I hoped to mention before leaving for the Wednesday night Green Day show in Pittsburgh (Florio Jr.’s first concert) the Wednesday development in the pending state-court litigation in the two-tiered StarCaps case.
I hoped to write something up when I got home. But it was 2:00 a.m.
So, again, fail.
Better never than late (or something), here we go.
Hennepin County judge Gary Larson (not Gary Larsen of the Vikings but possibly Gary Larson of The Far Side) said he’ll decide by August 7 whether to stay the case attacking the suspensions of Vikings defensive tackles Kevin and Pat Williams under two Minnesota statutes pending the resolution of the appeal of the federal ruling sending the statutory claims back to Judge Larson.
But the federal case is scheduled to be argued on August 18, and the St. Paul Pioneer Press reported Wednesday that a decision in the federal case will be rendered before the start of the 2009 regular season.
So, basically, we’re only talking about a delay of roughly a month beyond the day two weeks from now when Judge Larson will decide whether to wait that additional month.
Under the circumstances, it makes no sense to push the state-court case forward.
But the NFL apparently is trying to have the state-court action tried during the regular season, if the federal appeal fails.
“There’s no reason there can’t be a trial during the
regular season,” NFL lawyer Joseph Schmitt told the Pioneer Press. “The Williamses are not any different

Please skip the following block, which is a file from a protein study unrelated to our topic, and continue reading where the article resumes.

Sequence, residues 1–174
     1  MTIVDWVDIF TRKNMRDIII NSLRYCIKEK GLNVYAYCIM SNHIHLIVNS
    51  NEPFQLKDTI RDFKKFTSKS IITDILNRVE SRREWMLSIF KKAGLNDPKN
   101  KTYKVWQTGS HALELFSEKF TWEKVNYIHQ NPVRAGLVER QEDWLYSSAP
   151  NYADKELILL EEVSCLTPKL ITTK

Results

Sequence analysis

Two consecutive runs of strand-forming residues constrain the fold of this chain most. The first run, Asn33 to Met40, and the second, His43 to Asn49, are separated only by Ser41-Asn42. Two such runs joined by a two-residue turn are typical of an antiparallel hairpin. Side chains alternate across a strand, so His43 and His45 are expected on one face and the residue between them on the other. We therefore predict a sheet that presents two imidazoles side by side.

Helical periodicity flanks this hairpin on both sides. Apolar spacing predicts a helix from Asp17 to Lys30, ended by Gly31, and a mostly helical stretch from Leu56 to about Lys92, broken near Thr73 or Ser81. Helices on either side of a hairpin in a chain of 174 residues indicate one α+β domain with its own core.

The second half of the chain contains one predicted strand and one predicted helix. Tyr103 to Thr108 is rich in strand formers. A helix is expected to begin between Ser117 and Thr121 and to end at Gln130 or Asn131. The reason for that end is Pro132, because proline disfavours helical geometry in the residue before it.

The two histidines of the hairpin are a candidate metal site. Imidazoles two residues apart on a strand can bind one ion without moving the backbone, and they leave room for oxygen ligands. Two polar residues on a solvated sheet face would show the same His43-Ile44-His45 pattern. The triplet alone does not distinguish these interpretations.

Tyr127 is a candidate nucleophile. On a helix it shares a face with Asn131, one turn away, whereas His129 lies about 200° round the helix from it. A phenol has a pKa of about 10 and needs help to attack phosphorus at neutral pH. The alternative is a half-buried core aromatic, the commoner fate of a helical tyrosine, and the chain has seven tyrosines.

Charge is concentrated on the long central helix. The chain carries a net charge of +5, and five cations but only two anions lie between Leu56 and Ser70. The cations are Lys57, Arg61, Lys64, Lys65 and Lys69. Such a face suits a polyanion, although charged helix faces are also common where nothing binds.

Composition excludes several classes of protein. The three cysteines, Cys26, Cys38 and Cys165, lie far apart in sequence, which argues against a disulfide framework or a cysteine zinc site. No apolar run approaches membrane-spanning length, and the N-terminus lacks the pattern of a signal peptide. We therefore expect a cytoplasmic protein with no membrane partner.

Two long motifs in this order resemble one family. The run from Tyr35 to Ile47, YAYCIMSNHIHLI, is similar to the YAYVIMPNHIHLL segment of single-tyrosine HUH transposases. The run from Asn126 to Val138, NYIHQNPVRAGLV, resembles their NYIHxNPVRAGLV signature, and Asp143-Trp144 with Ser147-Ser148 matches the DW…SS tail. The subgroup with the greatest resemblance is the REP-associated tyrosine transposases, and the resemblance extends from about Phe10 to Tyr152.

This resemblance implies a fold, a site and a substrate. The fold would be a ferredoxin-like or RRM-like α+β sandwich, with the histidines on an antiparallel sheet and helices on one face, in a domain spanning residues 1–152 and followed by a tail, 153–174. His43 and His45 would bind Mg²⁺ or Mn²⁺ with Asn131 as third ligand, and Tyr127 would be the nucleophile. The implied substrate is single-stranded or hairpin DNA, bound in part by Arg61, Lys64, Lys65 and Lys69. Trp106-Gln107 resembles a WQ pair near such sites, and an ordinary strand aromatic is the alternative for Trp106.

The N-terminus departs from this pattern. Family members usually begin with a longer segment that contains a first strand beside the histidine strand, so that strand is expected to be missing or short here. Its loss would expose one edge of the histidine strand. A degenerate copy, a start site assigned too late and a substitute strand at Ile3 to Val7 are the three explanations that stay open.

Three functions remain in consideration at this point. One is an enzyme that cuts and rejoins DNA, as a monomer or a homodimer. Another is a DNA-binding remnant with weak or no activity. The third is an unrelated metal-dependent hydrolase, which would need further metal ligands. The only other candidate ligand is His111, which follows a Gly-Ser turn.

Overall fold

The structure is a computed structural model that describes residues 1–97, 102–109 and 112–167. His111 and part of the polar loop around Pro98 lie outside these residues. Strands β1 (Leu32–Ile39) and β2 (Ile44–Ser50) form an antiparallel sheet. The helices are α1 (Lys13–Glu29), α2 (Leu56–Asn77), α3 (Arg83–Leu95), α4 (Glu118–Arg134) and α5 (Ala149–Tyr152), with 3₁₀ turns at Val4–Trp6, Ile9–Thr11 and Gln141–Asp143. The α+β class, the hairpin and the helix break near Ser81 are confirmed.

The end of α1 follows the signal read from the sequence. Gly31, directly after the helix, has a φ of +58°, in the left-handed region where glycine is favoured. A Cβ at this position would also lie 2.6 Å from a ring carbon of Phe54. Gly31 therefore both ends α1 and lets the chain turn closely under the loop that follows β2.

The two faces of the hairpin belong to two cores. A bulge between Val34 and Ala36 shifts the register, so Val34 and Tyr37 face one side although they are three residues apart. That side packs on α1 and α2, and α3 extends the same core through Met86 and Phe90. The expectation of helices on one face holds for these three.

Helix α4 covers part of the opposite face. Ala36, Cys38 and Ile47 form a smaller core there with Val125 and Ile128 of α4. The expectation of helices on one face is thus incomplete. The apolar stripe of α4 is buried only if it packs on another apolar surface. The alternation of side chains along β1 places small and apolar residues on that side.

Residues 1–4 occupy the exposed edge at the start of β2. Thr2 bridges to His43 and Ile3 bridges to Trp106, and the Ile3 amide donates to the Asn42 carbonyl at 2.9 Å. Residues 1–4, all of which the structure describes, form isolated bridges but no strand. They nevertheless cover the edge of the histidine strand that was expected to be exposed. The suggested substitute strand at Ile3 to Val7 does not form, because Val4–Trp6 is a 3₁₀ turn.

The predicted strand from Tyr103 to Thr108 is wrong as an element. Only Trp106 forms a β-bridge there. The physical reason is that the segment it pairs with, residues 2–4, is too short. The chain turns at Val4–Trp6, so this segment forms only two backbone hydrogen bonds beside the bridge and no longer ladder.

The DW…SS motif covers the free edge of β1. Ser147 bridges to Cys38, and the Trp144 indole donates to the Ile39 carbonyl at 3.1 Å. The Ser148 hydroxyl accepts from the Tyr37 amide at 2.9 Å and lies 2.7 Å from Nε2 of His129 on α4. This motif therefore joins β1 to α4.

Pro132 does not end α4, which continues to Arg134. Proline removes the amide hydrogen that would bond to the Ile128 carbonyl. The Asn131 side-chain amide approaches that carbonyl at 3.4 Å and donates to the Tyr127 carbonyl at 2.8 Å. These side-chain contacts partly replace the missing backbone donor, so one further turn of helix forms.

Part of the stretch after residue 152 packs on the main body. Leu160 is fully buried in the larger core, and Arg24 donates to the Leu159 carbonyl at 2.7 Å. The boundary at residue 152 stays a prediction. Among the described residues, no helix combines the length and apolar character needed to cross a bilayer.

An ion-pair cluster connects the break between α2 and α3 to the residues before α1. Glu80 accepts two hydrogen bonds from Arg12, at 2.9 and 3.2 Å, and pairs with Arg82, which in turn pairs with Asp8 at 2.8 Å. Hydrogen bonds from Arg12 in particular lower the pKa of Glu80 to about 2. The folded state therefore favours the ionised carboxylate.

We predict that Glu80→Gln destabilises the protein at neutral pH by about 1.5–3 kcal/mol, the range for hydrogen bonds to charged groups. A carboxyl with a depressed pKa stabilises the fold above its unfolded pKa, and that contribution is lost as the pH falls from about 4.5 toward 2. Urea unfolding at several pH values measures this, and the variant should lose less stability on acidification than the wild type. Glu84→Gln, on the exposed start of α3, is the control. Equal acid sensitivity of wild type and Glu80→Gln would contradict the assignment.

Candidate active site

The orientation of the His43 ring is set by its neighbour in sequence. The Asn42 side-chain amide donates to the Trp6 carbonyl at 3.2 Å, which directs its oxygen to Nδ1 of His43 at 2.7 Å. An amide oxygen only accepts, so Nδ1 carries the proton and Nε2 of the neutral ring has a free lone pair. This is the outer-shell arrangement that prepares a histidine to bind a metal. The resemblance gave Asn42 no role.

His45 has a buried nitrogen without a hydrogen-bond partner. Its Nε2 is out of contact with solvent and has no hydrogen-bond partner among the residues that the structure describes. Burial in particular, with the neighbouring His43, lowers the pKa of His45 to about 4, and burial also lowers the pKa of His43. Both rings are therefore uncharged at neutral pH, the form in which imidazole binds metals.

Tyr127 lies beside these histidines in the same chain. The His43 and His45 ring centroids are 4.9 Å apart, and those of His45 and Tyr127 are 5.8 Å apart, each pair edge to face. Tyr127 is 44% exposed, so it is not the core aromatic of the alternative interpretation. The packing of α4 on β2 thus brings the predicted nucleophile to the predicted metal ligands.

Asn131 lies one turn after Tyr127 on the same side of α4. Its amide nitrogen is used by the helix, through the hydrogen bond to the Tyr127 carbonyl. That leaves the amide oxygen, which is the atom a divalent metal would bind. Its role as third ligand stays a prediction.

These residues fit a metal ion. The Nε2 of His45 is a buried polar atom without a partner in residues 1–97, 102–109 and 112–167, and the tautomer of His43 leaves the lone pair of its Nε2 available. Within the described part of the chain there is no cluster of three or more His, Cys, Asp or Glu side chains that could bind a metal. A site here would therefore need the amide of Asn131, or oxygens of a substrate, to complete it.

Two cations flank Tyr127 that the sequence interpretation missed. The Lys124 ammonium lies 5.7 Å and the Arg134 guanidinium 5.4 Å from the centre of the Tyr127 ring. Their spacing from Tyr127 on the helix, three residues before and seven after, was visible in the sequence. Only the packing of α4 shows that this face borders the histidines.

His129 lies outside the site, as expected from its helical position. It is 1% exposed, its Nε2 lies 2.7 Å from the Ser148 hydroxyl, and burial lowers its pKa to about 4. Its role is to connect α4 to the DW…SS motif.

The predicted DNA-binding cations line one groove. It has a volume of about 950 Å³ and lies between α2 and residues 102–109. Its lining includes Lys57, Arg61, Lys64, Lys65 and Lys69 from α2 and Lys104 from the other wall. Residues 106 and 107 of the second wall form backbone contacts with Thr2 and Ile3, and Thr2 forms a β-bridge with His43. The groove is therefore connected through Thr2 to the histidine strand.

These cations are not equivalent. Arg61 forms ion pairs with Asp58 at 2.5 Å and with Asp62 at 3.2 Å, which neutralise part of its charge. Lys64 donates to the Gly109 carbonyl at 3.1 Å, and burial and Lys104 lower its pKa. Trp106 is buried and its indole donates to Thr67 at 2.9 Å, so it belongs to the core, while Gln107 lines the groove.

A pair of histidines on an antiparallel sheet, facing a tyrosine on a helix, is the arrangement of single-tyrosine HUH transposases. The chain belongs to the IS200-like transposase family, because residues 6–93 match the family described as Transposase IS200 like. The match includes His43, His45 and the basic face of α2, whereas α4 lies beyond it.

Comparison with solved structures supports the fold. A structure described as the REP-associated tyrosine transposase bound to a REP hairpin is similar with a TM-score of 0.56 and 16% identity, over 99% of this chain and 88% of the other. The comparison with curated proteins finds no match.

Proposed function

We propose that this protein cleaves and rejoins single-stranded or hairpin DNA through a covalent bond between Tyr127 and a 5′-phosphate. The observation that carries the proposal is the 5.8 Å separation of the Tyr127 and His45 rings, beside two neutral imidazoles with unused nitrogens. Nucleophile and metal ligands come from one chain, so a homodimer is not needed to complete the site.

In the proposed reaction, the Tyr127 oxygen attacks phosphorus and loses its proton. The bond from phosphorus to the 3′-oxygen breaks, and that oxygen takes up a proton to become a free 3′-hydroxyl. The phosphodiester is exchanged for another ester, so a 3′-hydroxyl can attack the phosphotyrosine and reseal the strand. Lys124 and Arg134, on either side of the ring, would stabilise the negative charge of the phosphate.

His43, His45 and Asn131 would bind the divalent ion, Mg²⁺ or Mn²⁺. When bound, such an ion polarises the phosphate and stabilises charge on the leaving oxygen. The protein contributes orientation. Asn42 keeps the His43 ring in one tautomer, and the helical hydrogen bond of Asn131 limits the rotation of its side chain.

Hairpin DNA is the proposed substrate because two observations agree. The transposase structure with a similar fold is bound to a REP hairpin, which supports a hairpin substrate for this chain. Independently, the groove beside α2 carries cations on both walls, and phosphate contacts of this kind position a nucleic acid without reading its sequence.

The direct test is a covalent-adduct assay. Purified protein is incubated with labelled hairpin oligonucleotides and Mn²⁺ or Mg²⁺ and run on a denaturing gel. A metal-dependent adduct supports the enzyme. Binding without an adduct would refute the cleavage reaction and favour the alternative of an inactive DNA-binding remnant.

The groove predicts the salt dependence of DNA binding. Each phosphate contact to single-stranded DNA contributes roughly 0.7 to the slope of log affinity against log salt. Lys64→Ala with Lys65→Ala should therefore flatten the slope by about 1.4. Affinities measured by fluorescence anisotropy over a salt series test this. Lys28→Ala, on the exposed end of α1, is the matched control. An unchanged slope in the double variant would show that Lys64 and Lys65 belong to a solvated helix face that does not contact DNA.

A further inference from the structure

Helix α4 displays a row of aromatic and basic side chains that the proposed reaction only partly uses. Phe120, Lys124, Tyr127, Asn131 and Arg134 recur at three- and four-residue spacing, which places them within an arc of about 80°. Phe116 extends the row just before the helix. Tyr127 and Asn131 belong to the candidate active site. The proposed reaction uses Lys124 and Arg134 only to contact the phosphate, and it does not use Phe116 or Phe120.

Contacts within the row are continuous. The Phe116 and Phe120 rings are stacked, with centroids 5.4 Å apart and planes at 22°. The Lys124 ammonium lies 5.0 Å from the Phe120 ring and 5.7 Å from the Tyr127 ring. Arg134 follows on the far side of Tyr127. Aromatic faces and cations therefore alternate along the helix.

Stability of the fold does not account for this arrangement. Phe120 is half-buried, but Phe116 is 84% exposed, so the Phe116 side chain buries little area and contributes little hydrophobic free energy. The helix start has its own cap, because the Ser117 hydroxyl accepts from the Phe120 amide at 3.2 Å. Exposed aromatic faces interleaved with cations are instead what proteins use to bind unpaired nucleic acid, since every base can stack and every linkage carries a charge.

from [plaintiffs] in an employment case and shouldn’t receive any
It sounds to us as if the NFL wants to have it both ways, avoiding a resolution of the state-court case before the regular season in the hopes that the federal appeal will go its way and then pressing for a resolution promptly thereafter, regardless of whether it requires the Vikings players to miss valuable practice time in preparation for a regular-season game.
Said attorney Peter Ginsburg, who represents the Williamses: “It is fundamentally unfair to have a trial during the season.”
Frankly, we’re not so sure that it is, primarily because we’re not so sure a trial is even needed.
The facts of this case aren’t disputed. Thus, there’s no apparent reason for a jury to sift through the details and determine who’s telling the truth. Instead, it seems as if Judge Larson can rule on the case merely by applying the relevant Minnesota statutes to the facts of the case, possibly with a jury trial at a later date to determine any award of monetary damages.
In other words, there’s likely no need for a trial.
Still, the two sides are fighting over that detail. Primarily because that’s what lawyers do; they fight over anything and everything, either because they simply like to fight or because they wish not to be perceived as being averse to fighting.